Thursday, October 27, 2011

Following the Money to City Hall

Ask where the candidates' pesos came from and you will know to whom they belong.
If one thing is clear in the campaign for mayor of Bogotá, it's that whoever wins will have some debts to repay.

The National Electoral Council has done an admiral job of posting candidates' accounts of their campaign donations online. And the numbers are just as depressing as those of United States politicians, with its legal, institutionalized pay-to-play system.

The excellent investigative website La Silla Vacia published this summary of the sources of Bogotá mayoral candidates' money. The three leading candidates, Gustavo Petro, a leftist who leads in most polls, and the (apparently) center-right candidates Enrique Peñalosa and Gina Parody, are all near the 1.646 billion peso limit for mayoral campaign spending.

Wasted money: Petro campaign
cards scattered on a sidewalk near
the Central Cemetery. 
Perhaps Petro's finances have received the most attention. He's a leftist and one-time M-19 guerrilla, but some big businesses nevertheless evidently consider him a good investment. Petro has received money from a leader of farmers, which seem like an unlikely group to be supporting a candidate for big-city mayor, the owner of a transportation company, a construction company, a bank and someone who La Silla Vacia couldn't even identify. Most worryingly, El Espectador columnist Cecilia Orozco Tascón writes that two of Petro's deep-pocketed business donors were created recently, apparently just to donate to Petro. One company, strangely, actually donated more than the financial capital it was created with.

Peñalosa received lots of money from a plumbing fixtures company and the well-known businesses Comcel, Exito and Seguros Bolívar.

For her part, Parody spent family money (her father has maritime and port interests) and received donations from banks and an insurance company.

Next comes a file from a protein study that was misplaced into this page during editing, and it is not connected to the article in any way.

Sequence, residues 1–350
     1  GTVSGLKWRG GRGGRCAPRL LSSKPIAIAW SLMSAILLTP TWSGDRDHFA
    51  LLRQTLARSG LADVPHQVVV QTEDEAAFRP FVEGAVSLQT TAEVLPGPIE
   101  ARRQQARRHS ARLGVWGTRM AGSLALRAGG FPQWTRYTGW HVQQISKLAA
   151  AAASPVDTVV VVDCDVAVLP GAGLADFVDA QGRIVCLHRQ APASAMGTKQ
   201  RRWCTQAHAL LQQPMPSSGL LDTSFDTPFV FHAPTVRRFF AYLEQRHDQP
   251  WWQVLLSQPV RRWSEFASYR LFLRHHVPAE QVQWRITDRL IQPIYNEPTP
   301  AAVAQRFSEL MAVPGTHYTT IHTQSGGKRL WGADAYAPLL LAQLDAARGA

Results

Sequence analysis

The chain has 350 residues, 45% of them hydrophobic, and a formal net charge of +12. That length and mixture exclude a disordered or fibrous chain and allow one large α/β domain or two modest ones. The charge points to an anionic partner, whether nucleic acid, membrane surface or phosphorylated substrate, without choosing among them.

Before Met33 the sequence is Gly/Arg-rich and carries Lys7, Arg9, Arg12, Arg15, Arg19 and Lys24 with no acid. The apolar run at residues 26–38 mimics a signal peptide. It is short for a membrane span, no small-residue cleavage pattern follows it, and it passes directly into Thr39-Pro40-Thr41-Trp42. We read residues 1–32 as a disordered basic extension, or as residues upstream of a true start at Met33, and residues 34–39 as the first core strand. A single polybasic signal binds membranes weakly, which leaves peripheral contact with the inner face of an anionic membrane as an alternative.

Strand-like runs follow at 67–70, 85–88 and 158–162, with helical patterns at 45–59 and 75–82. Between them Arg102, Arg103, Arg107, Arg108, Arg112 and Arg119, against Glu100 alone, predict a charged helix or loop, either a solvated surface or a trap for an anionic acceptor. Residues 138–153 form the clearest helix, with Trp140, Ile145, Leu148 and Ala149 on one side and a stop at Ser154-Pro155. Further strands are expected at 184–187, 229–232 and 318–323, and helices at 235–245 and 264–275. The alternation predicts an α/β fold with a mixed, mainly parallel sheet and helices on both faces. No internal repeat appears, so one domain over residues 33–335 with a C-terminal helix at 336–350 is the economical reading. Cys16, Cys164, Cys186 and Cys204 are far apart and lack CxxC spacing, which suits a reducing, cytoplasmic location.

Interestingly, several big businesses have covered their bases by supporting more than one of the leading candidates. Grupo Bolivar, for example, donated to all three leading candidates, assuring itself an open door no matter who wins.

Some of these contributors might just be friends who happen to believe in the candidates, which is justifiable. But it also seems likely that most people shoveling in millions of pesos will want a payback if their man or woman wins.

Of course, all these finance reports assume that the candidates are actually being honest. And political money is notorious for being duplicitous. How many businessmen and mafiosos have funneled money to politicians thru girlfriends and second cousins' wives?

And money isn't everything. Peñalosa, for example, has received support from evangelical churches - which rightly worries civil liberties advocates.

El Espectador also summarized the finances of mayoral candidates from Colombia's secondary cities, and some of their funding sources are very suggestive. For example, a candidate from Barranquilla accepted lots of money from a construction company, and one from Cartagena from hotel interests. if those candidates win, those businesses will likely be lining up for payback in municipal contracts.

In contrast, many local candidates from smaller parties haven't declared the sources of their money. That's likely in part because those small-town, small-party candidates lack the resources and sophistication to crunch these numbers. But the situation certainly opens the door to dirty business, since many rural areas are notorious for corruption. Suggesting that something fishy's up, in some small towns actually have more voters listed than residents.

By Mike Ceaser, of Bogotá Bike Tours

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